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on 22 July 2013
Best book I've read in ages. Beautifully lyrical in style and thought-provoking presentation of the underdogs of urban society. Loved it.
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on 3 February 2015
An interesting insight and understanding of Apartheid and it's effect on the black Africans. The author cleverly gets into the characters' minds and thoughts, making them real and feeling.

Well worth reading, however not recommended for bed-time reading and certainly not a 'feel good' novel.
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on 18 May 2009
Fugard's novel covers just over three days in the life of "Tsotsi", a township gang-leader in Apartheid-era South Africa, commencing with the evening a baby is thrust upon him. What follows is both a portrait of the precarious and dangerous nature of township life and a meditation on how hopes are dashed and lives irreparably damaged.

This is a relatively short novel, written in easy story segments. Fugard writes with both sympathy and quiet outrage for the fates of his characters. No one is dismissed or judged no matter how repulsive their fate or lifestyle. What makes this a compelling read is the attempt to see beyond appearances, to explain fates, to understand choices. Ultimately though, this is also what keeps this a four-star not a five-star novel. Tsotsi is a powerful character, lost in his dark, violent world. The baby triggers memories of a destroyed childhood, the baby offers redemption and yet there is something a little too obvious with this, something that jars: The baby is there in spirit rather than substance. The baby is the least real of all the characters (even the other baby) with no back-story or resolution and in the context of this novel, this inconsistency may irk you too. That said, this remains a worthwhile read.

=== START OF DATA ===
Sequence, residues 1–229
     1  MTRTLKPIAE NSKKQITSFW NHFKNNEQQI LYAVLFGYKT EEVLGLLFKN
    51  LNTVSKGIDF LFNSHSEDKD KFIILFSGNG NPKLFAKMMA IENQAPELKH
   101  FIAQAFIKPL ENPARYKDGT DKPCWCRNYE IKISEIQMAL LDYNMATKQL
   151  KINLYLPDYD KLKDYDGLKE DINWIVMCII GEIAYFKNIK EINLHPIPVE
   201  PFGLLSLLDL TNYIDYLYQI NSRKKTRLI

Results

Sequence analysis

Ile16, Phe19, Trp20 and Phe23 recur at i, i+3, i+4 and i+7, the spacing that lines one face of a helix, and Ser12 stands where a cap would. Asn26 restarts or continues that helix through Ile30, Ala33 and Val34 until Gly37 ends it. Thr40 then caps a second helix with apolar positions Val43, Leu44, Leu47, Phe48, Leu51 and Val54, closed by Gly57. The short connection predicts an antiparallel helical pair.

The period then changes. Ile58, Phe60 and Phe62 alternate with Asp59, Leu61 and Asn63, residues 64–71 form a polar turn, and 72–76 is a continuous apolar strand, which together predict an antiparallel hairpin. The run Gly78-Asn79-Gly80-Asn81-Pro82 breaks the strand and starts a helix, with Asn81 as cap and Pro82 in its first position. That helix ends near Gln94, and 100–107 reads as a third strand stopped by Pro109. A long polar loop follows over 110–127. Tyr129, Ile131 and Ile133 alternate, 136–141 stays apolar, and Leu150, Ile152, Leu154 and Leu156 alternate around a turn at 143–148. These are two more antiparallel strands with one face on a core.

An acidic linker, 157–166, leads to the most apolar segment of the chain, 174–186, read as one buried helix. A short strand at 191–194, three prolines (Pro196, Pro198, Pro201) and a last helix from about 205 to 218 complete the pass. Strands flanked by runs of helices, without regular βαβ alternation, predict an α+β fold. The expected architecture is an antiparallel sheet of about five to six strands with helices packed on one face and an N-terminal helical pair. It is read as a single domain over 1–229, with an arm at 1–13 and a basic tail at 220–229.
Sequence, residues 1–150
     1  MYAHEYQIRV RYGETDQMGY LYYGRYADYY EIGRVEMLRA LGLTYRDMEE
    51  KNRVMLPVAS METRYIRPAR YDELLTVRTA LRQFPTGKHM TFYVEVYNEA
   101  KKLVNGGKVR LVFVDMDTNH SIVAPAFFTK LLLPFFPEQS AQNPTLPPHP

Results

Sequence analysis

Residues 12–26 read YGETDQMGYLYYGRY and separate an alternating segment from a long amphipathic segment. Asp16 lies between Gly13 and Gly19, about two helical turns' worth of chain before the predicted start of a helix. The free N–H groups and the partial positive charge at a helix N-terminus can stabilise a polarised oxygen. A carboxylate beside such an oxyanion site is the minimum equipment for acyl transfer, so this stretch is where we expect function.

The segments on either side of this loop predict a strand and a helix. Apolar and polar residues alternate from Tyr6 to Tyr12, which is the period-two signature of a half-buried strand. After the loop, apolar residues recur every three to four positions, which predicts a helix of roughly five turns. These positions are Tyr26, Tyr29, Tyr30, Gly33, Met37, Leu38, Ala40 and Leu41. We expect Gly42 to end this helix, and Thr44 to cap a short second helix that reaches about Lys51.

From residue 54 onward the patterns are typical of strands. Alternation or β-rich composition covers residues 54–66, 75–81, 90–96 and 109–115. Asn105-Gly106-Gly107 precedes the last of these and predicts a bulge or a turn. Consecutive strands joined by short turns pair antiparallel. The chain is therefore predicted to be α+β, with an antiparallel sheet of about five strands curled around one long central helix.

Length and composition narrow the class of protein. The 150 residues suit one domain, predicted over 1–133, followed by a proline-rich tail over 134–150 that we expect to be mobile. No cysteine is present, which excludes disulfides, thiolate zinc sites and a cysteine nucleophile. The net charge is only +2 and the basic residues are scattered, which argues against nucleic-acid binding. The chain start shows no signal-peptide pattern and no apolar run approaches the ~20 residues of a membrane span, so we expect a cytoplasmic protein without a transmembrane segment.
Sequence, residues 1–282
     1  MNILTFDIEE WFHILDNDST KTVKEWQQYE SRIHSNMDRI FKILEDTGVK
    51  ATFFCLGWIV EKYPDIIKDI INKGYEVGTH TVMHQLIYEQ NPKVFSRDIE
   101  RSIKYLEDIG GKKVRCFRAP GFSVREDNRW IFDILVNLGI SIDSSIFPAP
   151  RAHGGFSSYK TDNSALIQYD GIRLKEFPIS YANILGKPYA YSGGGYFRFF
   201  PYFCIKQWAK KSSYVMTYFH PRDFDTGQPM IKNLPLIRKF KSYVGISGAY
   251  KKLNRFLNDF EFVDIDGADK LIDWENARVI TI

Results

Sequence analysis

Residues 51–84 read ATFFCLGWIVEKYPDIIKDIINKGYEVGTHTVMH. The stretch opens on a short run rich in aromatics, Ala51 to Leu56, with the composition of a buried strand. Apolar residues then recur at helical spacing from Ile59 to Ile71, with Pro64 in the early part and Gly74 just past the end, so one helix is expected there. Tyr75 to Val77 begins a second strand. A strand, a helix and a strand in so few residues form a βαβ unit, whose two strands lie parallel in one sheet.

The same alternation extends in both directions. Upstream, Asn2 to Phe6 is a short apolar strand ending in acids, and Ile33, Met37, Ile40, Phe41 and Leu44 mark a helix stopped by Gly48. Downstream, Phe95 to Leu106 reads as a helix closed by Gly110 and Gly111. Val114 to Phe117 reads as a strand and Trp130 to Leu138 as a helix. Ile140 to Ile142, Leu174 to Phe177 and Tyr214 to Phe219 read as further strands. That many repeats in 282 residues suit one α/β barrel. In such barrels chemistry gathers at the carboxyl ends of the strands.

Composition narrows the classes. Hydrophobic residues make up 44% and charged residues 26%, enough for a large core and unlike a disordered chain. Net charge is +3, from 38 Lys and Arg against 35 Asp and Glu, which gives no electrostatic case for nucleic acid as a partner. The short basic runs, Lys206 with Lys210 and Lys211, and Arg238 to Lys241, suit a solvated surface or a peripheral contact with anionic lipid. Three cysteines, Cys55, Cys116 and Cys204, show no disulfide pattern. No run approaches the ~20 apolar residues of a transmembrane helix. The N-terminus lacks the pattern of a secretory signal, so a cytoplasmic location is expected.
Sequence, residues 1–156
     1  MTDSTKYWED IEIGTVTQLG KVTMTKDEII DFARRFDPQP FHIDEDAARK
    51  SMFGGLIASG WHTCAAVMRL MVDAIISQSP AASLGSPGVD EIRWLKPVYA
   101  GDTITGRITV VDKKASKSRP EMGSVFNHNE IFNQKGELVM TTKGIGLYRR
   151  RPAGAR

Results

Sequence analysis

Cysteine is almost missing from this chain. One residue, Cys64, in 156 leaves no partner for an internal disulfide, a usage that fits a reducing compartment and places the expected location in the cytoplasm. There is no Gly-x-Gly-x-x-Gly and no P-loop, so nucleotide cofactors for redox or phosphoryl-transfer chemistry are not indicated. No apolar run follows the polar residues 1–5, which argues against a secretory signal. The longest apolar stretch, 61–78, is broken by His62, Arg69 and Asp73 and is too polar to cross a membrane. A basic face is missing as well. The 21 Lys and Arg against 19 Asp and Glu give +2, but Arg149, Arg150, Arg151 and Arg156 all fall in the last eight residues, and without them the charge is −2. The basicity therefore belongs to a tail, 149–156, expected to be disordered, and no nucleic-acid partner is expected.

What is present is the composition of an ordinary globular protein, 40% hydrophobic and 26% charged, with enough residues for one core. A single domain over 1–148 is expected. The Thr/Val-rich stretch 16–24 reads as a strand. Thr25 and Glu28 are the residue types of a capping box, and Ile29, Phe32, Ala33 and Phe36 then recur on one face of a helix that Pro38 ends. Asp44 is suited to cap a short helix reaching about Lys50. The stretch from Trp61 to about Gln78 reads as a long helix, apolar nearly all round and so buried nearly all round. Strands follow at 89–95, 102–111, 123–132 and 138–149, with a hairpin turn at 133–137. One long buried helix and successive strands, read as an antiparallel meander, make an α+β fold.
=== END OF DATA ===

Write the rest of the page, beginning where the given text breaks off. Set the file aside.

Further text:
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In a razzia by the South-African police looking for illegal immigrants, the main character of this book, a 10 year old, looses 'the big, gentle, warm, protective mother behind whom he had hidden and escaped from the whole world of a child's fear.'

From now on, he stays defenseless in a strange labyrinth of laws, 'loneliness, being the only person in the world ... He learnt the lesson of hunger ... He learnt to watch for the weakness of sympathy or compassion for others weaker than yourself, like discovering how never to feel the pain you inflicted. He had no use for memories ... There was only the present, that continuous moment carrying him forward without question of regret.'

He becomes a tsotsi, a wild, brutally killing animal, always looking around for easy targets (the painted and the cripple): 'There was no conflict. It wasn't a question of should I, or shouldn't I. He was resigned to the inevitable, watching it unfold as doctors would the last stages of a disease in a patient who is beyond help.'

But one day, his wild mind is shaken when he meets a woman with a child. He is confronted with the moral problem of 'decency' as one of his gang members said.

Athol Fugard draws a profoundly moving and dramatic picture of a child gang in a dark and life threatening city. The treatment of the variations on the theme of absence - mother, father, friends, moral conscience, life - is not less than masterful.